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Flat Fee Advertising All That’s Left?

If you go by the story from SEOMoz, there’s too much fraud in the advertising arena and the only format that makes sense for advertisers is flat-rate models such as Text Link Ads (aff).

The post writer, Michael Martinez, cites a staggering fact that 14% of clicks in the click-through variety of advertising is fraudulent. I don’t know where he got his numbers, but I have no reason to doubt that they are accurate.

I’ve thought for some time that contextual advertising is dead, and I see the argument about impression based advertising. But could his prediction be true? I sure hope not.

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Comments

  1. jhay says:

    Yes, I sure hope this prediction is not true. Most small time bloggers rely solely on pay-per-click ads as they find it difficult to secure advertisers via the models similar to TLA and AdBrite.

    Google and Yahoo just have to do more on fighting fruadalent clicks.

  2. I’ve heard the 14% figure before, and maybe that’s true in certain segments. It doesn’t seem to be so in mine. Then again, I am pretty proactive at putting suspicious AdWords advertisers in my competitive ad filter.

  3. Jon says:

    14% is probably accurate…but not the end of the world or the PPC model. It just means that advertisers are having a theft fee that they need to absorb into the cost of doing business, much as retailers have a shoplifting/security fees. PPC would not have lasted and continued to grow as long as it has if there wasn’t a very good return on the cost of those clicks.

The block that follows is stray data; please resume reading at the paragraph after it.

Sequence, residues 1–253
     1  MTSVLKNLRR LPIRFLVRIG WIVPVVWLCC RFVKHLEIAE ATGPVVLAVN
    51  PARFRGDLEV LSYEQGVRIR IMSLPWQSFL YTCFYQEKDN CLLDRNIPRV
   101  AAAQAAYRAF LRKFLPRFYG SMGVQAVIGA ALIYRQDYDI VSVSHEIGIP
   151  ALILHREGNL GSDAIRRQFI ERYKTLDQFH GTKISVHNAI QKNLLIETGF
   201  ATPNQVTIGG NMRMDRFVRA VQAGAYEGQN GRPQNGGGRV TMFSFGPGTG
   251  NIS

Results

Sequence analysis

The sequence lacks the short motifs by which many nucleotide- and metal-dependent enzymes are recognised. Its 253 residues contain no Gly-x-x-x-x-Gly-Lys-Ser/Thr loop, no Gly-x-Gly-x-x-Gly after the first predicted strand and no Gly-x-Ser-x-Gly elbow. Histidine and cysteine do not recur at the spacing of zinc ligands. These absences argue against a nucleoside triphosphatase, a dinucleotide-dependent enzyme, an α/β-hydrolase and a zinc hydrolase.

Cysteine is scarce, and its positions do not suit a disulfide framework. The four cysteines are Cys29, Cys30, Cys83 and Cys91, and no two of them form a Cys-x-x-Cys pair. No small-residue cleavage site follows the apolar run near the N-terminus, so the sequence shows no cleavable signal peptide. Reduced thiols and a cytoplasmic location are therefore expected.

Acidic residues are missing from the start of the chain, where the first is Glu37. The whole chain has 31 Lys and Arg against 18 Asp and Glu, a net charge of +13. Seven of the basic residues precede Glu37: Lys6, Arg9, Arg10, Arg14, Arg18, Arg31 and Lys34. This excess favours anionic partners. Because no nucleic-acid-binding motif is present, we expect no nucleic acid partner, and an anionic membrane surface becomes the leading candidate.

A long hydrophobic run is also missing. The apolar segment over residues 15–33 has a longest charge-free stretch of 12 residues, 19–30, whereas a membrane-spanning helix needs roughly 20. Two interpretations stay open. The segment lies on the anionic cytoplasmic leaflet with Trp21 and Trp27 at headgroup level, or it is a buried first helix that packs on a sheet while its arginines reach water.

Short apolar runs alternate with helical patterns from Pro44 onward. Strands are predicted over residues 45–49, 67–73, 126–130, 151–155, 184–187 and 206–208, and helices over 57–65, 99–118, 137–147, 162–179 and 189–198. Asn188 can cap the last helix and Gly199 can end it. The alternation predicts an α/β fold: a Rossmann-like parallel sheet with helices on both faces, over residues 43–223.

Flat fee advertising is highly limited because it is usually not context targetted. How many real “ready to buy” clicks to you think this site is send to the “Nomi Juice” advertiser on the left of this page. Flat fee is for link love not targetted buyers. No end in PPC model that I can see, even if fraud went as high as 25%….there’s a lot of margin left.

  4. Paul says:

    I think advertisers will just start to accept click-fraud as a cost of doing business. Google etc will do their best to reduce it, but it will never completely go away like spam.

    Click fraud is a bummer, but I think those who rail against it have to realise that all advertising contains an element of waste. What % of viewers for a car TV ad is actually interested in buying a new car, for example. Definitely a minority. So the majority of the viewers the advertiser is paying for is waste. Just as click-fraud is waste.

    The old advertising saying says “Half my advertising cost is wasted. If only someone could tell me which half.”

    I think why they’re so upset at the moment, is they saw an opportunity to reduce waste to nil with PPC. Only those who were interested would click, so you’d only be paying for real customers. Click-fraud has ended that happy illusion.

    In the end, advertisers will measure their PPC campaigns the way they always have cost vs benefit. If I can spend $10,000 on PPC and generate $12,000 in profit from the resulting sales, I’ve just made myself a juicy 20% return. Sure it would be great if I could cut out the $2,000 or whatever of my $10,000 that’s click-fraud and increase my return. But even if that’s impossible (which looks likely), I’m still getting a good return.

    Anyway, that’s my 2c worth.

  5. A.B. Dada says:

    The original poster has no idea what he’s talking about. I’ve been in and out of the advertising business at both ends for over a decade, and I guarantee that contextual advertising is the best place to be — as long as the advertising marketers (ie, Google, Yahoo, etc) keep working on battling false clicks and keep working on making better contextual campaigning systems.

    For me, contextual advertising through AdWords is my key business for the websites that I sell actual items through. I’m not talking about MfA websites but websites with actual items to sell — AdWords accounts for nearly 60% of my most profitable sales. Direct marketing is only 5% and return business accounts for the rest.